I’m reminded of the words of the poet and songwriter, Annie Flint Johnson, who experienced many sorrows in life, yet was strong and faithful.

He giveth more grace when the burdens grow greater,
He sendeth more strength when the labors increase;
To added afflictions, He addeth His mercy,
To multiplied trials, His multiplied peace.

When we have exhausted our store of endurance,
When our strength has failed ere the day is half done,
When we reach the end of our hoarded resources
Our Father’s full giving is only begun.

To God be the glory. In good times or bad.

–Ken Weliever, The Preacherman

1 Comment

Filed under Adversity

One response to “Glorifying God in the Good or Bad

  1. Christians can learn much from the quarrel between Paul and Barn-abbas. In Acts 14, Paul was hailed as Hermes and Barn-abbas was hailed as the Father of the Greek God Zeus and the Roman God Jupiter. So the other day I asked myself. Why then did Paul and Barn-abbas separate and Paul take on a new travelling mate?

    Surely, when a man loves a woman and takes her for his wife, he becomes her new mate and where she goes he goes and where he goes she goes. They travel the miles of life together. Scripture says Paul was in chains for Christ. So I thought to myself, surely Paul and Barn-abbas were destined to travel together to complete the mission of the Gospel.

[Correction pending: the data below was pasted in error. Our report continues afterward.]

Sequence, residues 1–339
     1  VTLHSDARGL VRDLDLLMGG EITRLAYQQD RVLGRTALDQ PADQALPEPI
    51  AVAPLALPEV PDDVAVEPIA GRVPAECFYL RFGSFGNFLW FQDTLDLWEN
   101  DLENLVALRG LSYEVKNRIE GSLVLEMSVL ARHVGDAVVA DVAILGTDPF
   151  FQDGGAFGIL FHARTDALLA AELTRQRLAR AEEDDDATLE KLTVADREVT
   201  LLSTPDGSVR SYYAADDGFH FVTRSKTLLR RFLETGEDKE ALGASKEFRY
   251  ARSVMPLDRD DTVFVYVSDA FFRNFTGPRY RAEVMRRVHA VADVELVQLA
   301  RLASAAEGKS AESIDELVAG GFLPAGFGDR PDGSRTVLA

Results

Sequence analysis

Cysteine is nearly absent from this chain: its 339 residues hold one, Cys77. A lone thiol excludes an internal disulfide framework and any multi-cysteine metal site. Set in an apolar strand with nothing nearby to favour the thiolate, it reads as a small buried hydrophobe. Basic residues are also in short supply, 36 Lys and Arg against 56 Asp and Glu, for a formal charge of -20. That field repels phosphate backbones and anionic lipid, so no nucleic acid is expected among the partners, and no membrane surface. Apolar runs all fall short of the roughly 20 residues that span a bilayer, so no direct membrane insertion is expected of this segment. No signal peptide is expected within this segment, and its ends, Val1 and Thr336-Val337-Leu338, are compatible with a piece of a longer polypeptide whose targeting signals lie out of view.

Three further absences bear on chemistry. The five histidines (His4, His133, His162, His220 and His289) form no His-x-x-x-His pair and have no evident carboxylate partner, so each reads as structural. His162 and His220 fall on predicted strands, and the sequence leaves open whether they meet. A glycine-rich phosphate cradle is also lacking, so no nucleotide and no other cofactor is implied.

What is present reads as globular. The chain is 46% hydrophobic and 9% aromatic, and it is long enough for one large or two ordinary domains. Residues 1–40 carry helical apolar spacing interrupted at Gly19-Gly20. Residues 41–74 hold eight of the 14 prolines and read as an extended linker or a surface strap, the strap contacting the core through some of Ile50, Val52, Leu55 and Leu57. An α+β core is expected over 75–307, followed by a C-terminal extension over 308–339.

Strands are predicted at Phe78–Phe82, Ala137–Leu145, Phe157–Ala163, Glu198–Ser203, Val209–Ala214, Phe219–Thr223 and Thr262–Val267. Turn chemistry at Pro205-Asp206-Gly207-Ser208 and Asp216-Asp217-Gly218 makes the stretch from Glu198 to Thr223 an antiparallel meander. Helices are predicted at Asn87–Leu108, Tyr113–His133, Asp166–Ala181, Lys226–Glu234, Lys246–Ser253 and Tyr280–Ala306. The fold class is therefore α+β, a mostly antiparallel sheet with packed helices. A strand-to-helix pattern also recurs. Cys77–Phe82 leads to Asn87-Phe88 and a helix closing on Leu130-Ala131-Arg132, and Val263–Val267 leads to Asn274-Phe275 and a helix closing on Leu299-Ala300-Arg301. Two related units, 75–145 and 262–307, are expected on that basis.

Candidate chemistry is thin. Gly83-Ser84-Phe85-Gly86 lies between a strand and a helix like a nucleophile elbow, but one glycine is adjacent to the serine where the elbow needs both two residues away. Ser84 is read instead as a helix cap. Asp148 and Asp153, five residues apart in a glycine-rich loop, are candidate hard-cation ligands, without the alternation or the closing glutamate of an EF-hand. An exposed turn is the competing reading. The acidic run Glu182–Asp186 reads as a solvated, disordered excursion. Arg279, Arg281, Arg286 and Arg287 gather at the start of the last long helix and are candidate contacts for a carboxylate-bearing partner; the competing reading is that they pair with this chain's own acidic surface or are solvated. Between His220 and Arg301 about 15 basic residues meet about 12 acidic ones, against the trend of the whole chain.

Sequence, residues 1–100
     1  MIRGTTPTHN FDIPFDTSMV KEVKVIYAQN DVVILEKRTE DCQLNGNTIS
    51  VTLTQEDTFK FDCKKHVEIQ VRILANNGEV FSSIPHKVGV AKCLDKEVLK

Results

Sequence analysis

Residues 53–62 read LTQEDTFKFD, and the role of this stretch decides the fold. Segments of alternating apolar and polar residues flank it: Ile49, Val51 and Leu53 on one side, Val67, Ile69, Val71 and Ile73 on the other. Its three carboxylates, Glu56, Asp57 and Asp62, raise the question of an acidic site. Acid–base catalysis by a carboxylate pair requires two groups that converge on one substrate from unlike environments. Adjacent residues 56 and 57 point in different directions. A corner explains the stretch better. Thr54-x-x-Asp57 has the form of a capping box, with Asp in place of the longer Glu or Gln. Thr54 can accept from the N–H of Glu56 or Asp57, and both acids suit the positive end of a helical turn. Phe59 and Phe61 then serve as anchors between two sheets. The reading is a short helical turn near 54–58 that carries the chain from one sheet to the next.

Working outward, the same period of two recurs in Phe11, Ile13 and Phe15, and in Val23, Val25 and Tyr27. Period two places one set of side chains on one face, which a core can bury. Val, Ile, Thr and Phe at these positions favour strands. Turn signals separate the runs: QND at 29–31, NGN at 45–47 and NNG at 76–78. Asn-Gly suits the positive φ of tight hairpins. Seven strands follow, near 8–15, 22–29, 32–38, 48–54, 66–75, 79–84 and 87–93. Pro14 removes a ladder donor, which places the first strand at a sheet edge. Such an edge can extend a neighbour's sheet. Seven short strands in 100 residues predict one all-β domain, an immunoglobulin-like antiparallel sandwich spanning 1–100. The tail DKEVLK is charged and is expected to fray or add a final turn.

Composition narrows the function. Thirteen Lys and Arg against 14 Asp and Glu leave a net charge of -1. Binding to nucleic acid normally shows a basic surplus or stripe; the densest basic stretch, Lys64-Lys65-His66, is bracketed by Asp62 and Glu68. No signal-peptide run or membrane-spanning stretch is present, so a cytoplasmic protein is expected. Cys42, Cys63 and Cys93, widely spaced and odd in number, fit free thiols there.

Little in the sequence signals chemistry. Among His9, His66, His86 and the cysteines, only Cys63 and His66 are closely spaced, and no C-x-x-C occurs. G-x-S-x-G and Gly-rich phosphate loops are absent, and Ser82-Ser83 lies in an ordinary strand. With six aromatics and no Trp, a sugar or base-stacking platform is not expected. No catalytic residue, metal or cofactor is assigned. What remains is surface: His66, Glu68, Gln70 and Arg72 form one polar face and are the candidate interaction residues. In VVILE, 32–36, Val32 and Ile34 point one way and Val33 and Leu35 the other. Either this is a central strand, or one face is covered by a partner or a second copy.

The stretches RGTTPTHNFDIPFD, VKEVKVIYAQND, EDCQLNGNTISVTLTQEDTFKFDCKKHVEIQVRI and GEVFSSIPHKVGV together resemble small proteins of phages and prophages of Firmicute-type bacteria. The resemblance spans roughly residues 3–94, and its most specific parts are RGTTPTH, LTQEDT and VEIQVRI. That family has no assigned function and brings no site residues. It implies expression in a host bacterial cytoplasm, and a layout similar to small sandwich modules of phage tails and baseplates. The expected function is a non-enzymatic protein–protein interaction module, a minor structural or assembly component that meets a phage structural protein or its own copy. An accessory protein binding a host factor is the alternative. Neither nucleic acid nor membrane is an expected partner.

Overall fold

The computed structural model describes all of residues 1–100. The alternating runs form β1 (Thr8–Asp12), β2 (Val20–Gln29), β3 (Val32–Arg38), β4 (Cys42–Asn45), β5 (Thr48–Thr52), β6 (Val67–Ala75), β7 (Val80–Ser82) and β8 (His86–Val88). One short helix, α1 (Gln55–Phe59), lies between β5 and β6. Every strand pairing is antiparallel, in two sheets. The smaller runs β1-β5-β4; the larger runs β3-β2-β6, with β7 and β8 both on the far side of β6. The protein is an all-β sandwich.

The day before you posted this post Ken, when I woke up the quarrel of Paul and Barnabas was on my mind. When I went into my den with my morning coffee, I noticed I had left my Zondervan Greek/English New Testament on my desk. Before putting it away, I wanted to check to see how Jesus handled Peter’s denial, his disowning of Jesus. I wanted to read the passage of John where Jesus says. “Peter do you love me?”

    To my wondering eyes, when I opened the Zondervan New Testament, it opened up to the quarrel of Paul and Barnabbas, to the very page. It did not open to the passage in John. So I then spotted the key words…Cyprus, John Mark and Silas.

    I then did a little investigation and discovered CYPRUS was the Greek word for HENNA TREE and SILAS was the Greek word for WOOD.

    And then it was as if cataracts suddenly fell from my eyes. It suddenly occurred to me. In Eastern Cultures, Henna is what a bride marks herself with after she takes a milk bath and reds herself up to stand before the Rabbi. Right! And it was John the Rabbi… who marked the way for Christ and who marked, delineated Christ as the Bride who belongs to the Bridegroom (John 3:29).

    So from there it was easy then to see the significance of Silas the Greek word for WOOD.

    From there, I could see their quarrel with the light of Cephas’ disowning of Jesus as his JO, his Bride. I could see Barn-abbas and Paul reconciled and I could clearly see Barn-abbas solely and physically committed to his dearly beloved HENNA TREE and becoming SILAS…A WOODY HUSBAND and FATHER ready to raise a divine everlasting family.

    Thank you KEN for including Paul and Silas in this post and reminding me that when Paul and Silas were beaten and imprisoned for preaching Christ, they sang, prayed and gloried God. Not softly or faintly, but loudly enough the other prisoners heard them (Acts 16:25).

    Ken, I thank you from the bottom of my heart for your many posts that have strengthened me. May you and Norma Jean and your family and friends here in the “cloud” that read your posts have a HAPPY THANKSGIVING.